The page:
Done Deal: knicks confirm the signing of $13 million superstar former all rookie 1st Teamer

In free agency, center Isaiah Hartenstein of the New York Knicks was acquired by the Oklahoma City Thunder. Mitchell Robinson, the current big man, is accompanied by them. He and his coach have hinted that a significant year is on the horizon.

But Robinson is hard to trust given his history of injuries.

Last season, he appeared in 31 games. Twice in his career, Robinson has made appearances in at least 65 games.
He didn’t do it again until 2021–2022. Armed with that knowledge, the Knicks haven’t stopped looking into potential Hartenstein replacements. 49 of the 75 games the Thunder big man played in last season were starts.

Michael Scotto of HoopsHype tweeted on July 2 that “the Knicks have also made inquiries on the trade market, showing interest in Jazz center Walker Kessler, league sources told HoopsHype.”

In the 2022 draft, Kessler was selected with the 22nd overall choice.

In a season where he started fewer games than in his rookie campaign but played more minutes per game, he finished the previous year with an average of 8.1 points and 7.5 rebounds. In addition, he appeared in 10 less games than the previous season, when he was selected to the All-Rookie First Team.

“Kessler didn’t make as much of a jump as some in Utah had hoped, starting 22 of 64 games in his second season after starting 40 of 74 games as a rookie. But when he did play, Scotto said, “he was incredibly efficient, averaging 12.5 points, 11.6 rebounds, and 3.7 blocks in 36 minutes.”
“Competitive executives feel that Utah would consider offers for Kessler in a trade, but it seemed like he wasn’t for sale last year.”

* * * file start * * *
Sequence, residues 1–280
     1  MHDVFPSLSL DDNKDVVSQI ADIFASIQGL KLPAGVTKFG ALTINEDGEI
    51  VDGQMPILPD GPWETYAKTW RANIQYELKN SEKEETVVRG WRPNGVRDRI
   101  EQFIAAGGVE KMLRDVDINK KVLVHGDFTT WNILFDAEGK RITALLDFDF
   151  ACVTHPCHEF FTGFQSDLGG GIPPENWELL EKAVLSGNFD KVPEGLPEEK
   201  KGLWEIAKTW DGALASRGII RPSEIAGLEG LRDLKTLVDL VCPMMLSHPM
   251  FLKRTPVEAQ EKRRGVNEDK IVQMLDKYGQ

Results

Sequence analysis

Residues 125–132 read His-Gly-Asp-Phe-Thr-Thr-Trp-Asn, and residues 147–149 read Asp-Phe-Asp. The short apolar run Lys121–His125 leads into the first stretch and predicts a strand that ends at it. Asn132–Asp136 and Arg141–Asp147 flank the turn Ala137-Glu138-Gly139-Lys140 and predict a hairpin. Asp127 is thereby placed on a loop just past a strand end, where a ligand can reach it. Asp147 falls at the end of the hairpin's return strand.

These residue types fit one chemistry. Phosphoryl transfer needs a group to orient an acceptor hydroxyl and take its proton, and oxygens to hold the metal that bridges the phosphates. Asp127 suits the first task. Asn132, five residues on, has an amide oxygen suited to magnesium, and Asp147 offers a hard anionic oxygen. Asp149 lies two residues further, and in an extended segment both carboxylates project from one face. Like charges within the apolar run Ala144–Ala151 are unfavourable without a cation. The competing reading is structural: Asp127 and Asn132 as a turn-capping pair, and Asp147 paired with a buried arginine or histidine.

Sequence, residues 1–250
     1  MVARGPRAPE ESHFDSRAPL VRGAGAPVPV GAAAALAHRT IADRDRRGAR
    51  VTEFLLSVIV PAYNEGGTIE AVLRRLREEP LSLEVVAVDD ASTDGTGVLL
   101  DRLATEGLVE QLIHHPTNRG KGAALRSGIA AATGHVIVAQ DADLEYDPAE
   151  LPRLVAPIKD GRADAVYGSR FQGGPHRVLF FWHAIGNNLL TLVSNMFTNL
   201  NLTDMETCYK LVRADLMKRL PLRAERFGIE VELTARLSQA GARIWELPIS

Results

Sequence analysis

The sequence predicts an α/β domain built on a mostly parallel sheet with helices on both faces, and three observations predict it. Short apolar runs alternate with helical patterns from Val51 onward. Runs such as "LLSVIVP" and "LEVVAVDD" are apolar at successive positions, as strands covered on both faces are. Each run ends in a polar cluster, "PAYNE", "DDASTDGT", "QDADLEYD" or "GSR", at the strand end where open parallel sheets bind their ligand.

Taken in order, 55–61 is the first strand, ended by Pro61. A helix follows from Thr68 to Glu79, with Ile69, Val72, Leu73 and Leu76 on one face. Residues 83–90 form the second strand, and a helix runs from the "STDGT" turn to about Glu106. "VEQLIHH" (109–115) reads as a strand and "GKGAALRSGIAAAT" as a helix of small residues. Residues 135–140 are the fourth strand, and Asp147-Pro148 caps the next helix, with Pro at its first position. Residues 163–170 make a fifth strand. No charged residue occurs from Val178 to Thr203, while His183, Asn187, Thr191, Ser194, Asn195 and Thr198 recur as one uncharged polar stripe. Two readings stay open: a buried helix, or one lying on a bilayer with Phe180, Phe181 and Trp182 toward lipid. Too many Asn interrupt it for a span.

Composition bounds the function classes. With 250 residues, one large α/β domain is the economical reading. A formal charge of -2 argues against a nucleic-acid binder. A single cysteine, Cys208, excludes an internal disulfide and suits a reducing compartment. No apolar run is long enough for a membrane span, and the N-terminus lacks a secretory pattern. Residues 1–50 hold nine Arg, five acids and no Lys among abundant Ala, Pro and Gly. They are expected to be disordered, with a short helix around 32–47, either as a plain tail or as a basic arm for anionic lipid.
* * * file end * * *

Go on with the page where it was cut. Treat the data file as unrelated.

Even after obtaining Bridges, the Knicks still have the pieces for a trade package for Kessler.
Knicks Could Trade Walker Kessler to Boost Backline Defense

Kessler would not offer Hartenstein’s attacking versatility. He is a better rim protector, though. His career average of blocks is 2.4. That is a record Robinson has only once in his career—during his debut season in 2018–19—and it surpasses anything Hartenstein has ever scored.

Kessler’s four-year, $13.4 million rookie scale contract is still in effect for the next two years. In 2024–2025 and 2025–2026, he will deduct $2.9 million and $4.9 million from the cap, respectively.
After that, the 7-footer will be eligible for restricted free agency.
That means he will have three more seasons under team control before he is expected to make a potentially large financial commitment. Sensible adjustments around the margins will be crucial to rounding out the roster after the Knicks acquired Mikal Bridges.
The Knicks Could Face Penalties Under the CBA

Following the Bridges trade, ESPN’s Bobby Marks—a former Brooklyn Nets executive—analyzed the Knicks’ financial future. Currently, they are classified as a luxury tax team, but when they hit the first tax apron, they had less than $7 million in space.

Under the terms of the new CBA with the NBA, teams are subject to varied degrees of punitive actions. Limited buying power would be the most detrimental after surpassing the initial apron.
Keith Smith of Spotrac produced a visual that illustrates the dangers of exceeding each tax bracket.
The Knicks still need to find a competent replacement for Hartenstein and work out an extension for Jalen Brunson. Their profundity is crucial. If not, they face a risk akin to that of the previous campaign, when injuries decimated their postseason chances.

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